Be myself – Don’t try to “fit in” with college students if you aren’t one. Be the age you are and the person you are. They can spot an impostor quickly.

Have fun – College is a fun period of life. It should be less stressful. When you are hanging out with college students, don’t expect to be serious all the time. There will be times when they are very serious (even deep), but sometimes are just to hang. That’s okay.

I’m not a college pastor, but if I was…I’d love it! Anyone looking to hire one? (Just kidding…kind of…)

What would you add to my list?

7 Random Pieces of Advice for the Younger Leader

I love working with younger leaders. It keeps me young and it helps to know I’m investing in something and someone who will likely last beyond my lifetime. I want to share some things I’ve learned from experience. Some of it hard experiences.

Here’s a random list of practical advice for young leaders.

If you can learn and practice these early in your career it will help you avoid having to learn them by experience.

Never attend a meeting without some way to take notes – It helps you remember but it also communicates you care about what is being discussed. If you take notes on your electronic device (phone), be sure to tell people that’s what you are doing.

Respect your elders – The fact is, you may not always feel respected by them, but that’s their fault not yours. Showing respect to people older than you now will ensure you receive natural respect from others when you’re the elder in the relationship.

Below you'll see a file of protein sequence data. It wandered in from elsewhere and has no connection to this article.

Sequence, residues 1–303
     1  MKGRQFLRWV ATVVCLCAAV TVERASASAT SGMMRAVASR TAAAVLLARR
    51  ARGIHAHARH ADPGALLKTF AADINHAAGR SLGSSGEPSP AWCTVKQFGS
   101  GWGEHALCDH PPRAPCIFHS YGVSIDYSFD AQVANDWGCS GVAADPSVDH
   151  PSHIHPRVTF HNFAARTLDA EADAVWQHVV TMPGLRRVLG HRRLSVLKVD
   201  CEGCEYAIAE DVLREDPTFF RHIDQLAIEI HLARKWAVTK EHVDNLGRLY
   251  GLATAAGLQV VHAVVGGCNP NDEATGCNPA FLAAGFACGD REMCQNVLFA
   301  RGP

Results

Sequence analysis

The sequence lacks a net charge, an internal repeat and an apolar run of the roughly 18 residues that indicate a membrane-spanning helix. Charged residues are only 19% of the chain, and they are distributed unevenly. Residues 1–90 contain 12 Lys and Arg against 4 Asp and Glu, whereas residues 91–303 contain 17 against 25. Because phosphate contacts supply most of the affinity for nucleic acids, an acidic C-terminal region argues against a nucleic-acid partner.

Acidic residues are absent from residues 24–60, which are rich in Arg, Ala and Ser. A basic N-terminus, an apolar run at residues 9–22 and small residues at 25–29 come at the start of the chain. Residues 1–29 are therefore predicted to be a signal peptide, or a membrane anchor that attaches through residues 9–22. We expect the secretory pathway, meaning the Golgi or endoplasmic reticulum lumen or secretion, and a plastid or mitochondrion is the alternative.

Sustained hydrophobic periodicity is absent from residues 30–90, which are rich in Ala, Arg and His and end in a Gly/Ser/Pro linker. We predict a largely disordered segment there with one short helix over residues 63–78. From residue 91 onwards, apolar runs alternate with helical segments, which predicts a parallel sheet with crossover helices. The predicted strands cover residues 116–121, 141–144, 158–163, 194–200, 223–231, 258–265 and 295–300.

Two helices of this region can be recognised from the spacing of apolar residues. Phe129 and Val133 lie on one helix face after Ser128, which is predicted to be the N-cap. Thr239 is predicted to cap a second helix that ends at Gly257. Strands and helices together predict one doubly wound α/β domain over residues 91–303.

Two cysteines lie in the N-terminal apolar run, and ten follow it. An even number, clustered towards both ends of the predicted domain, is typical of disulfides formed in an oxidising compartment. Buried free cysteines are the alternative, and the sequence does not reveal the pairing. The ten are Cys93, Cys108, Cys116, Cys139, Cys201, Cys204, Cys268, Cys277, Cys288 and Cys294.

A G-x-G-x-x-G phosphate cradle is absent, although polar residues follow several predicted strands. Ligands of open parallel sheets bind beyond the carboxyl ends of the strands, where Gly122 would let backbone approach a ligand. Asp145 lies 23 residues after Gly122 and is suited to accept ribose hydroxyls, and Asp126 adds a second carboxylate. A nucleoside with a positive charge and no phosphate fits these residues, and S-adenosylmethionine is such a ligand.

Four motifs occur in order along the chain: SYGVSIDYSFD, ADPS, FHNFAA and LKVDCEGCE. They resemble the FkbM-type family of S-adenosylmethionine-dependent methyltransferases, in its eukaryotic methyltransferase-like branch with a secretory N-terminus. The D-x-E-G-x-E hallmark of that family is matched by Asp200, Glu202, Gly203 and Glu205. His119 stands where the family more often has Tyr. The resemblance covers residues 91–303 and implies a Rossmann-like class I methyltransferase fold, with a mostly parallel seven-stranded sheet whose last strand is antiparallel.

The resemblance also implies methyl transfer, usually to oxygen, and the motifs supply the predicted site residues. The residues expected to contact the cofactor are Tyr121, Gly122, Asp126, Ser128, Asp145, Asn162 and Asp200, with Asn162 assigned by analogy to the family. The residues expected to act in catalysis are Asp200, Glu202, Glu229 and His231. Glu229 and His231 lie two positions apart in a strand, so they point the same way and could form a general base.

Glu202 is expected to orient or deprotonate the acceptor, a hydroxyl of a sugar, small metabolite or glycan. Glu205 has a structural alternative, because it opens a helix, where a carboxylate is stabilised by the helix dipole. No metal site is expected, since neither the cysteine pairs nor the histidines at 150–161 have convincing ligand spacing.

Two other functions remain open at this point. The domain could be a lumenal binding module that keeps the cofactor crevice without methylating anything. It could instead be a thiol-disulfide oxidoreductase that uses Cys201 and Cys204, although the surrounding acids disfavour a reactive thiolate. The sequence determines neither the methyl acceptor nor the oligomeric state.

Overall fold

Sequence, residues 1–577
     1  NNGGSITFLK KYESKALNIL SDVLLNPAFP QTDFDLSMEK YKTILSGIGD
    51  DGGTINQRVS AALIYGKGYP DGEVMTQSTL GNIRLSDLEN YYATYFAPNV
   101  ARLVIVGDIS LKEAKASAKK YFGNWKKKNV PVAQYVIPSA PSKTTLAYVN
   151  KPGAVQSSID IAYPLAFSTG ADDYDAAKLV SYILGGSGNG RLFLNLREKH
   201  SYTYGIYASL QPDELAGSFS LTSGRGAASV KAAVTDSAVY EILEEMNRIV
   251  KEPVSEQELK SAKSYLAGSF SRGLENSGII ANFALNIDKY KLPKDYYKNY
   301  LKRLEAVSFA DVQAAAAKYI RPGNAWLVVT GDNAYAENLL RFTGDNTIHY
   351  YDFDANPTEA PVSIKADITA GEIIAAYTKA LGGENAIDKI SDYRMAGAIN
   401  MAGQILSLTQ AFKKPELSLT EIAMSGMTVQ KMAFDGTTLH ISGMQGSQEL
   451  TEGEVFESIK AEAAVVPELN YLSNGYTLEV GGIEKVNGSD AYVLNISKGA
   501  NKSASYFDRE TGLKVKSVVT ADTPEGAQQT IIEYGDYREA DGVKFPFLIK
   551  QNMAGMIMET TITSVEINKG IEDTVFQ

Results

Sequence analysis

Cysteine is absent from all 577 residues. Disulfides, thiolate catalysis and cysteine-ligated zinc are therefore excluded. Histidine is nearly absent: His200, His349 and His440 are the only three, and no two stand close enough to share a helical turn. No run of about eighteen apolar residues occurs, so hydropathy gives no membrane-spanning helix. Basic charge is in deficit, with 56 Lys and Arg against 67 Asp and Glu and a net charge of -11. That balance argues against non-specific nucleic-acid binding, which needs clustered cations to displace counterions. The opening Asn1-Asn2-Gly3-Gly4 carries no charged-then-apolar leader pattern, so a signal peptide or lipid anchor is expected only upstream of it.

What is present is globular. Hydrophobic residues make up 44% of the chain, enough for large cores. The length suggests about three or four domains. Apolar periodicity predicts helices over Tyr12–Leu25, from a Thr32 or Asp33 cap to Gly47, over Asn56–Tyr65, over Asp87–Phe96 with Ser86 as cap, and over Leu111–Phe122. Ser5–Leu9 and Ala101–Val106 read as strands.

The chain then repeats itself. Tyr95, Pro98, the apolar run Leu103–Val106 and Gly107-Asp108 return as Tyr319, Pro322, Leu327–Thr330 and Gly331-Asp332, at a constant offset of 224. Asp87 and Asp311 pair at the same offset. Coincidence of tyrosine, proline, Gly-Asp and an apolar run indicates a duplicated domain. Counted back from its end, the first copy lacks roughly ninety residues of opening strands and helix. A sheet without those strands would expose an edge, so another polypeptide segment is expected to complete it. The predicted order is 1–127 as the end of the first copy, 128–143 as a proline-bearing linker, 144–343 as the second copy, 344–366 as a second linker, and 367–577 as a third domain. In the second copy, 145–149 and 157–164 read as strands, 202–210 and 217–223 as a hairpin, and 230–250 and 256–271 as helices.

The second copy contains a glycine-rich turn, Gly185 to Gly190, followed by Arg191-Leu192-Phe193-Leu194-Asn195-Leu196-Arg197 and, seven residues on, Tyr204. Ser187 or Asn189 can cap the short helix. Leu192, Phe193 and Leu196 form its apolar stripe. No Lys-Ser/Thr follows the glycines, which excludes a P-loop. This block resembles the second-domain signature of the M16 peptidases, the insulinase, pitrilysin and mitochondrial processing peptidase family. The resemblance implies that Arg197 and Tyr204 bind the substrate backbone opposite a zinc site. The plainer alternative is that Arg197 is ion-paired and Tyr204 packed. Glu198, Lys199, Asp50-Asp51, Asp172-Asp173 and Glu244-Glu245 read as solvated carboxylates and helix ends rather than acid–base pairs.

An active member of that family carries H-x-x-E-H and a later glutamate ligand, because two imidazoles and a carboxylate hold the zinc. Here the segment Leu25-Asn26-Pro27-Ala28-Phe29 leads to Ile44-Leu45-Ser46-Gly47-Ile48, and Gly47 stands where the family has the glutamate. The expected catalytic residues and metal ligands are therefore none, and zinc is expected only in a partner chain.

Learn all you can from everyone you meet – This includes the awkward, even difficult people that you encounter. (You may actually learn more from them if you’re willing.)

Keep a resume handy and keep revising it – You may never use a resume again in today’s work world, but the discipline of gathering your experience as you gain it forces you to think through your worth to a future employer. You’ll likely be asked to defend this someday and need to be prepared.

Never burn a bridge- You’ll be surprised how many times relationships come back around. Don’t be caught by surprise.

Be an encourager in the organization – Encouragers win the approval of others and are rewarded because they are liked. Be a genuinely positive influence on your team.

Never underestimate a connection - When someone introduces you to someone, consider it a high compliment. Follow through on the opportunity to know someone new. You’ll be surprised how often these relationships will work for good.

Drop the defensiveness - Young people often get defensive when a person with more experience shares something they do not yet know. This is especially true when being corrected by a leader. Remember you don’t know what you don’t yet know. It’s okay. Learn from your mistakes. Grow from your correction. Be patient with those who are trying to teach you. Get the chip off your shoulder and allow feedback to make you better. Over time you’ll win over those who see you as inexperienced.

There are 7 random suggestions. Elders, what other suggestions would you advise?

The Best 3 Things I Taught My Sons

I watched my oldest son make a life decision recently and it confirmed how proud I am of my two boys. He wrestled through it with wisdom and landed on, what I believe, was the best answer to his situation.

The title of this post may be misleading, because I don’t know if I taught wisdom to my boys or if they just saw me seek it and so it became a part of their life to pursue it, but either way, I’m glad they gained the practice.

Here are three things my boys have that I wouldn’t trade anything for:

The love of wisdom – My boys love to learn. They continue, into their 20’s, to seek wisdom from me and others.